“I think that will be enough of a lesson to-day,” said Uncle Wiggily Longears, after a while. “We will go home, now.”
“No,” spoke Sammie, “I want to dig some more. It’s lots of fun.”
“You had better come with us,” remarked Susie.
But Sammie would not, though he promised to be home before dark. So while Uncle Wiggily Longears and Susie Littletail started off, Sammie continued to dig. He dug and he dug and he dug, until he was a long distance under ground, and had really made quite a fine burrow for a little rabbit. All at once he felt a sharp pain in his left fore leg.
“Ouch!” he cried. “Who did that?”
“I did,” answered a little, furry creature, all curled up in a hole in the ground. “What do you mean by digging into my house? Can’t you see where you are going?”
“Of course,” answered Sammie, as he looked at his sore leg. “But couldn’t you see me coming, and tell me to stop?”
“No, I couldn’t see you,” was the reply.
“Why not? Because I’m blind. I’m a mole, and I can’t see; but I get along just as well as if I did. Now, I suppose I’ve got to go to work and mend the hole you made in the side of my parlor. It’s a very large one.” The mole, you see, lived underground, just as the rabbits did, only in a smaller house.
“I’m very sorry,” said Sammie.
“That doesn’t do much good,” spoke the mole, as she began to stop up the hole Sammie had made. She really did very well for a blind animal, but then she had been blind so long that she did not know what daylight looked like. “You had better dig in some other place,” the mole concluded, as she finished stopping up the hole.
Sammie thought so himself, and did so. He went quite deep, and when he thought he was far enough down, he began digging upward, so as to come out and make a back door, as his uncle had taught him to do. He dug and he dug and he dug. All at once his feet burst through the soft soil, and he found that he had come out on top of the ground. But what a funny place he was in! It was not at all like the part of the park near his burrow, and he was a little frightened. There were many tall trees about, and in one was a big gray squirrel, who sat up and chattered at the sight of Sammie, as if he had never seen a rabbit before.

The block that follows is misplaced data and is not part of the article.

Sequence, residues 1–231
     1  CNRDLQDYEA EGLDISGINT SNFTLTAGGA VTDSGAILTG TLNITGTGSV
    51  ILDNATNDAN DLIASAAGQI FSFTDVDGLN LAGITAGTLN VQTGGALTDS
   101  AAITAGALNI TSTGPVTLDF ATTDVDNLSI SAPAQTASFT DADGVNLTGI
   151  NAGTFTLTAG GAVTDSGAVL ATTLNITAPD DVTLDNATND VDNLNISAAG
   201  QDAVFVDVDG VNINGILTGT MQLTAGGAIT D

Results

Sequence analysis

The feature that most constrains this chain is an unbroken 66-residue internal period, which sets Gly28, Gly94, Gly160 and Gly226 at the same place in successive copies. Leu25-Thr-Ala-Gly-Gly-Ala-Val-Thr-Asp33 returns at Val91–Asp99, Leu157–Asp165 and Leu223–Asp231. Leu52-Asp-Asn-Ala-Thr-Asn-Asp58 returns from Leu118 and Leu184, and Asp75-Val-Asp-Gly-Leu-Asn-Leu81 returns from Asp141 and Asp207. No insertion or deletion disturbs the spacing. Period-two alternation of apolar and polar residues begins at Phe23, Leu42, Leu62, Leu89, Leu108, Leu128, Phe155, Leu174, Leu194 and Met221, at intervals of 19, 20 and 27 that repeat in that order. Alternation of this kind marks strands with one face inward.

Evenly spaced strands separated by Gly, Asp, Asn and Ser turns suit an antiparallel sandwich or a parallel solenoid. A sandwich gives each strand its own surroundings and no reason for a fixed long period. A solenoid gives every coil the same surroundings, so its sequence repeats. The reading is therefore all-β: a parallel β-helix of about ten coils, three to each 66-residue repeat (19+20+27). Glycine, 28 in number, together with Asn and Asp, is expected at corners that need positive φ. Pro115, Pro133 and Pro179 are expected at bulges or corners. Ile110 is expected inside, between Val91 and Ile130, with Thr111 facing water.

“What are you doing here?” asked the squirrel. “Don’t you know rabbits are not allowed here?”
“Why not?” asked Sammie.
“Because there are nice trees about, and the keepers of the park fear you and your family will gnaw the bark off and spoil them.”
“We never spoil trees,” declared Sammie, though he just then remembered that his Uncle, Wiggily Longears, had once said something about apple-tree bark being very good to eat.
“There’s another reason,” went on the squirrel, chattering away.
“What is it?” asked Sammie.
“Look over there and you’ll see,” was the reply, and when Sammie looked, with his little body half out of the hole he had made, he saw a great animal, with long horns, coming straight at him. He tried to run back down the hole, but he found he had not made it large enough to turn around in.